This little ‘zine clocks in at 28 pages of content, laid out for A5 (6’’ by 9’’) pamphlet-size; this number assumes you disregard the presence of a further reading list and an introduction explaining the genesis of this book – basically, a funny remark spiraled out of control: „Life in the Middle ages was some kind of extremely hardcore live RPG that went on 24 hours a day.“ From there on out, a mock-cover gave rise to what would become this supplement.
So, first things first: As you may know if you’ve been following most of my reviews (or due to your own knowledge and experience), most RPGs we play have precious little in common with medieval life, apart from aesthetics. The more apt analogue would be a late early modern period, where magic is substituted for technological advances. While there are “more” medieval settings out there, they are surprisingly few and far in-between, probably due to the realities of daily life and social structure being so radically different from what we consider to be acceptable.
Nobles were, for example, quite literally believed to be better humans, chosen by virtue of god; the church had a tremendous influence on daily life and many things we take for granted, like a theory on the spread of disease and rudimentary medical knowledge, were simply not there to the extent we expect them to be. Life in this era was grimy, often short, and death was a rather everyday inevitability that explains a lot regarding the need to believe in a better after-life. Anyways, this pdf is intended to give the capable referee the tools to increase how medieval the game feels, and does so via a selection of different articles.
This review is based on the at-cost print-version of the book, which is saddle-stitched, and costs a pitiful $5.64. The pdf-version is FREE, by the way, but does not sport the front/back-cover and, more importantly, has no bookmarks, which severely limits its appeal. Now, as far as systems are concerned, a significant part of the crunchy bits is intended for Adventure Fantasy Game by Lost Pages, which is not exactly my favorite OSR-game, to put it mildly. To be more precise, the content that uses it is intended for the base version of the game; the FIGHTMORE is not taken into account. That being said, the majority of the content herein is system neutral or uses a generally suitable OSR-terminology, ensuring a broader appeal. I will note below any instances where this is not the case. Got that? All right!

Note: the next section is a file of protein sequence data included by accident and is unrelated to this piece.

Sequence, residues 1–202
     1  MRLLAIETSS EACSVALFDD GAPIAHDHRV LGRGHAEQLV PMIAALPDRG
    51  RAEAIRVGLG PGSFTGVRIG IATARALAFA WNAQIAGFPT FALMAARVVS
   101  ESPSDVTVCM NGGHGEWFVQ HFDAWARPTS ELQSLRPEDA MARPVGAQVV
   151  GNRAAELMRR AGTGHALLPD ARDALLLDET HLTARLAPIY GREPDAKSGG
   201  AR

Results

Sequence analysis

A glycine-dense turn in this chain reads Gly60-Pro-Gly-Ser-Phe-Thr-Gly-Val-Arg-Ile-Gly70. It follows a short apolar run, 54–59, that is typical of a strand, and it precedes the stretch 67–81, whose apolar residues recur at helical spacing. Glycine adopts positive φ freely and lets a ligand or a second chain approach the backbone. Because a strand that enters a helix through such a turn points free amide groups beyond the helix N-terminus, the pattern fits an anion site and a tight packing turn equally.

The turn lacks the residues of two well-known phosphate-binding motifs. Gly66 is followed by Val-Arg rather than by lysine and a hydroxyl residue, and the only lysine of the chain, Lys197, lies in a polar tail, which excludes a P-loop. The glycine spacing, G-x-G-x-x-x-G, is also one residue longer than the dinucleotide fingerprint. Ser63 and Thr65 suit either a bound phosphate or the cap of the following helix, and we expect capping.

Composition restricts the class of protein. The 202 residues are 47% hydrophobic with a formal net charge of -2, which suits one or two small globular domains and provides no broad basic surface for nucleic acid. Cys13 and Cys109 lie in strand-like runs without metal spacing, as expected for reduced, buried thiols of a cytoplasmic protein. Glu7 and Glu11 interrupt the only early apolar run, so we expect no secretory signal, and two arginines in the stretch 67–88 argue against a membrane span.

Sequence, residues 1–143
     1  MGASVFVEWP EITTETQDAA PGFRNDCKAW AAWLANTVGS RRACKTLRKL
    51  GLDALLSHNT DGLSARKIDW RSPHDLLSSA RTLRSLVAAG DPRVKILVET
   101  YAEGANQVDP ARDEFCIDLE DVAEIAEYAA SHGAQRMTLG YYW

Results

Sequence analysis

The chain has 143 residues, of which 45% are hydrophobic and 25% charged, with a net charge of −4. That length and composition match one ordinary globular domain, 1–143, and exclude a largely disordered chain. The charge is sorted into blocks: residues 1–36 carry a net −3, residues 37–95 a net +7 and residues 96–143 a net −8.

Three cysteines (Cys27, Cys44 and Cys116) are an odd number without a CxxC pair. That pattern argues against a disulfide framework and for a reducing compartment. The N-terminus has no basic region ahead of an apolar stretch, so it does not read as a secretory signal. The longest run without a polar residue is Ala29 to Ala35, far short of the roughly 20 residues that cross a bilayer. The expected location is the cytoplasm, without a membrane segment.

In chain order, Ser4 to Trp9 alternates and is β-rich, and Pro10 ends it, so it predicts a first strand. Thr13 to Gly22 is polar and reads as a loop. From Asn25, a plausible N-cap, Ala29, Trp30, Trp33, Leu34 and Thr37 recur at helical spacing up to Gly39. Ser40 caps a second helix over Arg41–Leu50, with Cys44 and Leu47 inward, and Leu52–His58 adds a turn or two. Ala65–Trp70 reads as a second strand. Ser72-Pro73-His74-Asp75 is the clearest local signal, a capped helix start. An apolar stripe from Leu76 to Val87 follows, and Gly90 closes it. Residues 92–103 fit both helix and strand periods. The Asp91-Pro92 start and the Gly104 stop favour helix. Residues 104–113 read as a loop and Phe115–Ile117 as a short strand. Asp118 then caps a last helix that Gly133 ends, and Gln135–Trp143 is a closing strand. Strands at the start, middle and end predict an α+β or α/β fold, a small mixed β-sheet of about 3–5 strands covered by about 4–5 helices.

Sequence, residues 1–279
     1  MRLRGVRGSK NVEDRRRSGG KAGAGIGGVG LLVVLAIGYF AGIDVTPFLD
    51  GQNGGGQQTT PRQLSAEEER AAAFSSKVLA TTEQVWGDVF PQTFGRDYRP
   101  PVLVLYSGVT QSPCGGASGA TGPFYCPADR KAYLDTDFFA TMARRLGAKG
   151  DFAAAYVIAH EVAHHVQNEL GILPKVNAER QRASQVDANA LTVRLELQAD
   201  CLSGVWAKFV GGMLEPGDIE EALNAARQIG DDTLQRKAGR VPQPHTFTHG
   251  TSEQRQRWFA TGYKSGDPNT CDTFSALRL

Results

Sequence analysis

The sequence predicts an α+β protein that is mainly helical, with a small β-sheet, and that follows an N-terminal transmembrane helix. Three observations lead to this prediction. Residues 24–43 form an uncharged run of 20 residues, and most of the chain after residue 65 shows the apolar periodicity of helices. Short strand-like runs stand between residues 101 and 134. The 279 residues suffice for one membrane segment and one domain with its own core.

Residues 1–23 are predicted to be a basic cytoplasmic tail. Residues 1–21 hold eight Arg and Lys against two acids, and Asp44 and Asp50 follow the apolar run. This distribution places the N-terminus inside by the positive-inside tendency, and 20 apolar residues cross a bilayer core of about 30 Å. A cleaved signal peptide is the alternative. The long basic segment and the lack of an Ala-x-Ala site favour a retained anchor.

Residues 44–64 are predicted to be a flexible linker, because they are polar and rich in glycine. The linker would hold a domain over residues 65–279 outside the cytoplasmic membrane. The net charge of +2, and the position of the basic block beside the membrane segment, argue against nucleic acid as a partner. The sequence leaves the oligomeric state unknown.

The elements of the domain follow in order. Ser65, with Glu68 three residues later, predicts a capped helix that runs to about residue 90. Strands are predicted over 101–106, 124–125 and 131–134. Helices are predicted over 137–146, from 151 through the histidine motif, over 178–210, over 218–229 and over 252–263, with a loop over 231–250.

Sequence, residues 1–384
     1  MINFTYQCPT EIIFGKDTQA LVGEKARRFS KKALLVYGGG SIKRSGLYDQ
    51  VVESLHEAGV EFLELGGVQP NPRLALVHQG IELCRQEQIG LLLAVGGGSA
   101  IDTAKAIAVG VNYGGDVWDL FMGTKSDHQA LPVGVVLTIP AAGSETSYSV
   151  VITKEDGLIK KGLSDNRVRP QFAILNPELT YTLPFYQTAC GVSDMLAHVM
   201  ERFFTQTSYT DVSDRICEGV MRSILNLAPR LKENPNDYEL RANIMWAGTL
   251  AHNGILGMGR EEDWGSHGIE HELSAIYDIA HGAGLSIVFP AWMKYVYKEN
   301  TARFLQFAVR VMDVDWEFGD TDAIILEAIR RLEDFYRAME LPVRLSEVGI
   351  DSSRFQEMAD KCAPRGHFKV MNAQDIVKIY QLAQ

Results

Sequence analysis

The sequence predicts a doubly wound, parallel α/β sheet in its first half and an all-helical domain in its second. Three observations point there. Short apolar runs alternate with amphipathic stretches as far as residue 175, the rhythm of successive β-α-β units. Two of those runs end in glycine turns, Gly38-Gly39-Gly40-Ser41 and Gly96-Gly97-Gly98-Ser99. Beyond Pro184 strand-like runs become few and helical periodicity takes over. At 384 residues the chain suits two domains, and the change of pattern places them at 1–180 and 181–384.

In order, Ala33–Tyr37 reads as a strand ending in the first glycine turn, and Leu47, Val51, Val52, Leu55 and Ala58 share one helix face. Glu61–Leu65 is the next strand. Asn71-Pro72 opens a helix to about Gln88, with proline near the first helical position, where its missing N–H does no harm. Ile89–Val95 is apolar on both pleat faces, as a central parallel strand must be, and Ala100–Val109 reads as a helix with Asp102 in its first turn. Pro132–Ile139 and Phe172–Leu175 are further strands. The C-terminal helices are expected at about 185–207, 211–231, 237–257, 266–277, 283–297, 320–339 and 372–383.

So, the first article herein was penned by Rich Wilson and is one of the crunchiest bits herein. Here, we learn about medieval tournaments. No, not jousting. We’re talking proper mêlée here! Unless you are pretty familiar with the period, you’ll get something out of this article, as it proceeds to explain the rise of such tournaments, the difference between fighting à plaisance vs. fighting à outrance, and generally can be considered to be an easy to grasp introduction to the subject matter. As far as immediate game-use is concerned, we get a series of questions to guide the referee in the process of creating their own tournaments, before diving into the nit and grit: From here on out, we receive rules for scouting out favorites, for the initial charge and a unique and surprisingly rewarding mechanic for simulating the chaos of a proper tournament mêlée, with encounters per turn, general difficulty levels, etc. Knowing when to take a breather, when to give up, etc. are important decisions here, and the structure of this generator can easily be extrapolated to other games. Fans of AFG will certainly appreciate the supplemental generator here that lets the referee create random knights on the fly, who also have rules-relevant flaws and boon; smart or particularly tough opponents , craven ones – solid generator here, though a supplemental name-list would have been nice. Oh well. The knight generator obviously will be less useful for other OSR-games.
Now, the next article is probably more broadly applicable: We are introduced to the trials of medieval times by Mike Monaco, who provides an easy to grasp little system that uses 1/3 of the Cha-modifier of the defendant, the level of the defendant and a CM, i.e. the crime modifier to determine the costs of such a trial. A simple d20 plus the calculated value noted above can be used to quickly determine the outcome of such trials, making the system painless to use. We similarly note rules for trial by combat and get a page that lists the most common of so-called ordeals, means to prove one’s truthfulness; you know, famously by fire, water, etc. Punishment, from fines to public humiliation to torture and execution are also provided, with mechanically-relevant repercussions noted. Stocks or pillory cause minor damage, while being branded causes damage and, unsurprisingly, reduces your Charisma, to note a few examples. This article is rather helpful and one of the stars herein – definitely worth reading!